We consider environmental groups need to be fairly represented, with a good support network and sound guiding recommendations. We are about to invite representatives from the groups who attended the workshop to participate in a conference on the internet (Loomio) with the aim of reaching some agreement on the fundementals for partipating in a CF.  This will test the practicality of using this type of technology to improve the coherence and power of the environmental voice in NZ – the other main recommendation from the workshop.
Here are the links to the govt briefing paper and the notes from the sessions taken by the facilitators Adrian Macey and Colin James:

  1. Government briefing notes (May 2016): http://bit.ly/28Z9ua0
  2. Auckland (May 23rd): http://bit.ly/28QIoVU
  3. Wellington (June 9th): http://bit.ly/28REKcQ
  4. If you are affiliated to an environmental group and would like to to get involved in this process, please get in touch.

7. Action Point: Have you yourself considered standing for a Local Body?

One option is to encourage existing candidates to adopt ideas from the 5 main risk areas as part of their policy platform. But alternatively, how about running as a candidate yourself, as a way to raise awareness of the Wise Response appeal to better address systemic risks through policy? Nominations close nationwide noon 12 August 2016.

A couple of our committee members have indicated that they intend to stand – Nathan Surendran for Environment Southland and Russell Tregonning for Wellington Regional Council (http://rjattrue.blogspot.co.nz).

Some on the WR list have been exchanging ideas on how the five key points of the Wise Response Risk Appeal might look as a set of policy points (with some related issues covered below in brackets), if individual candidates wish to adopt them.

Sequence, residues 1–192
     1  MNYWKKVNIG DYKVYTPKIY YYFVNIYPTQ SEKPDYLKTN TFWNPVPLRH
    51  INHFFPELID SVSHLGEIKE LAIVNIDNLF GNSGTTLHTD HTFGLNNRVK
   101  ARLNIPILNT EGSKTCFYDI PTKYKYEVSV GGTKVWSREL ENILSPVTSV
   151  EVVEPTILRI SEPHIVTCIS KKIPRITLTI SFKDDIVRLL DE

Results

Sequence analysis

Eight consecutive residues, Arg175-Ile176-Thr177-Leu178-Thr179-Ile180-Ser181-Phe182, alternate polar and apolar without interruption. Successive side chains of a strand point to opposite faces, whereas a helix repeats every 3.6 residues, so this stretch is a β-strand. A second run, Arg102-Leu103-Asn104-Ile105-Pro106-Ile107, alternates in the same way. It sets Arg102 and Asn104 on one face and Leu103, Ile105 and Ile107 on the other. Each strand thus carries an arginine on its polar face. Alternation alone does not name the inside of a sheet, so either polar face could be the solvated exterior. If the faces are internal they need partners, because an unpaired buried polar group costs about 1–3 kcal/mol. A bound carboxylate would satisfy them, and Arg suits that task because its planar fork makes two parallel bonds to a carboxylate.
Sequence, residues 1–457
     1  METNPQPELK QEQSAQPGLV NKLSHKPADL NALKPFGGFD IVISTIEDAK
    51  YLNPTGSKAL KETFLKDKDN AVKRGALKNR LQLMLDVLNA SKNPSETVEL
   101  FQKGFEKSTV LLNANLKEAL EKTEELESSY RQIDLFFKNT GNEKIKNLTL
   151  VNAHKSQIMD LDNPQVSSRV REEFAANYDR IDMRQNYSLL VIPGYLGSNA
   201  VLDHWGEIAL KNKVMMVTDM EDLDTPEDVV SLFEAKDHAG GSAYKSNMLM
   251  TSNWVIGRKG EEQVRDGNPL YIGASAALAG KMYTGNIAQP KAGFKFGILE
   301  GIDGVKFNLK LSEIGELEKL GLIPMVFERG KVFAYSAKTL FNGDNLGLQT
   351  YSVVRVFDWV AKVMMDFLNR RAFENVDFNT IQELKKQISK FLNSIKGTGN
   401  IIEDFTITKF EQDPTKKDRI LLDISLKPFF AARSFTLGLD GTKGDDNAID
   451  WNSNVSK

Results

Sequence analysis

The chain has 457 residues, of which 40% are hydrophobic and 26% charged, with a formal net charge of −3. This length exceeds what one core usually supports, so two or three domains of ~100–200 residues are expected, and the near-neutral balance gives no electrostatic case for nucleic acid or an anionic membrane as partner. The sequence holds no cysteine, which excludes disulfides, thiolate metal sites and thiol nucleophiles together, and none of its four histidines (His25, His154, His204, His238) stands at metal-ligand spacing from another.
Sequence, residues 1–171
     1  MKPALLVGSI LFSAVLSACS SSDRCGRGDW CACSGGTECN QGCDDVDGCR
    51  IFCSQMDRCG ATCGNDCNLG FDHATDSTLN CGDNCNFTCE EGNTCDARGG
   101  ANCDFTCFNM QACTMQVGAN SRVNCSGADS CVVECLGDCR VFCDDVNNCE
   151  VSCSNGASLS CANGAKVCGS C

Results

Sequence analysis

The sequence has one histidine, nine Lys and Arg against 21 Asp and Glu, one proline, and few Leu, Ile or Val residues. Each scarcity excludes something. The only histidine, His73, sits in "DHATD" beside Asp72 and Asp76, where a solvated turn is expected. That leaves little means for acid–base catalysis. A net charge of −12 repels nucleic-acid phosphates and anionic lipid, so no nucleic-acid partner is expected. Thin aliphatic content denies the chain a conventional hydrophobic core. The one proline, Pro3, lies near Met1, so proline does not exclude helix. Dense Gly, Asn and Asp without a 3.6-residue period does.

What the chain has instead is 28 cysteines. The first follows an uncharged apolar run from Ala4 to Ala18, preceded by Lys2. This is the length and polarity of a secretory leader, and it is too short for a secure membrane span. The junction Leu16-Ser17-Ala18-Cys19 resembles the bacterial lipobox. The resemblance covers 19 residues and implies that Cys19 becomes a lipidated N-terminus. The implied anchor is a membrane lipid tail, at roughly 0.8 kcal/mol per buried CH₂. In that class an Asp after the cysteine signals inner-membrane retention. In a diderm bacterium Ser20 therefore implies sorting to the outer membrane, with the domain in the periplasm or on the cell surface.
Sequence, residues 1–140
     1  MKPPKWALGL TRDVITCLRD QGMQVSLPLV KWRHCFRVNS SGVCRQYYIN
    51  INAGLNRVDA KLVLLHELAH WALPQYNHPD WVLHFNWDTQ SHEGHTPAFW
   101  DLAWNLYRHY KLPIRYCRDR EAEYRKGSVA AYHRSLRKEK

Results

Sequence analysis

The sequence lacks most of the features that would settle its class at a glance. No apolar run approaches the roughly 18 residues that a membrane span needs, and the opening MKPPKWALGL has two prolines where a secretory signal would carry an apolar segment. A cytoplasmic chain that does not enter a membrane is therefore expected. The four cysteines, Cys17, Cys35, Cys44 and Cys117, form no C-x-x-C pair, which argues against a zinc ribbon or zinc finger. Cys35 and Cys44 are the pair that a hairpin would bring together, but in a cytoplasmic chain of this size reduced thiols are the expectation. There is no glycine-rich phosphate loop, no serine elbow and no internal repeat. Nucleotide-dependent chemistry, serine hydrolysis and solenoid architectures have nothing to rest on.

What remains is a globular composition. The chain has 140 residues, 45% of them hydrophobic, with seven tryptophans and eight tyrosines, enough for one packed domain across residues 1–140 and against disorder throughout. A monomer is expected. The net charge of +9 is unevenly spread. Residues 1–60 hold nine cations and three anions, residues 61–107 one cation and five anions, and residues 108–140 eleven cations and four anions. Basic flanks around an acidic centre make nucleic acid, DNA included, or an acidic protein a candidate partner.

• financial  (divestment and investment choices)
  • climate and energy (Royal Society reports, climate commission, renewables, infrastructure)
  • business (renewables, technical redundancy, system simplification, local self-reliance – food, skills, manufacture  technical capacity etc)
  • ecological/environmental (cohesion in landscape, carbon storage, resilience before profit)
  • wellbeing (collaboration, public service, community, networks, intergenerational justice, democracy, public service, inequality)

If you are interested in a mutually supportive policy discussion on this issue, we’re happy to facilitate an exchange of ideas using Loomio.

There are other excellent guidelines on the internet of course, an example being here: https://nertnetwork.org/the-concept-paper-on-region-wide-resilience/


8. Wise Response seeking funds to employ a manager

We think as a Society we have done pretty well so far on purely voluntary input but now have reached something of a plateau.  Progress will be difficult unless we can arrange some regular dedicated input to maintain momentum and see initiatives through.

The Committee have thus agreed to try and raise funds for a permanent employee for perhaps 2 days a week.  We estimate that this will require a minimum of $25,000 for each of two years as a pilot.  We have a programme of work that such an employee would undertake.  So please give some thought to this and if you have any ideas as to possible sources (philathropic or funds) please let us know.

In the meantime we are delighted to advise that we will be hosting 3rd year student Jule Barth as an intern for the last term of 2016.  Jule is completing a BA with a major in Geography and a minor in English at Otago University.  We have agreed a list of ranked activities with her so you can expect to see Jule’s name linked to future activities from time to time.


9. Related articles and links from across the web

This list of links from around the web speak to the risks and solutions being discussed globally in the areas of financial, climate and energy, business, ecological, and wellbeing risk:

  • UK Parliament’s APPG report on ‘Limits to Growth’

In a close parallel to the Wise Response appeal’s recommended approach, UK parliamentarians have convened an ‘All Party Parliamentary Group’.

…the new report by the All Party Parliamentary Group (APPG) on Limits to Growth, whose members consist of Conservative, Labour, Green and Scottish National Party members of parliament, reviews the scientific literature and finds that the original model remains surprisingly robust.

Authored by Professor Tim Jackson of the University of Surrey, who was Economics Commissioner on the UK Government’s Sustainable Development Commission, and former Carbon Brief policy analyst Robin Webster, the report concludes that:

“There is unsettling evidence that society is tracking the ‘standard run’ of the original study — which leads ultimately to collapse.”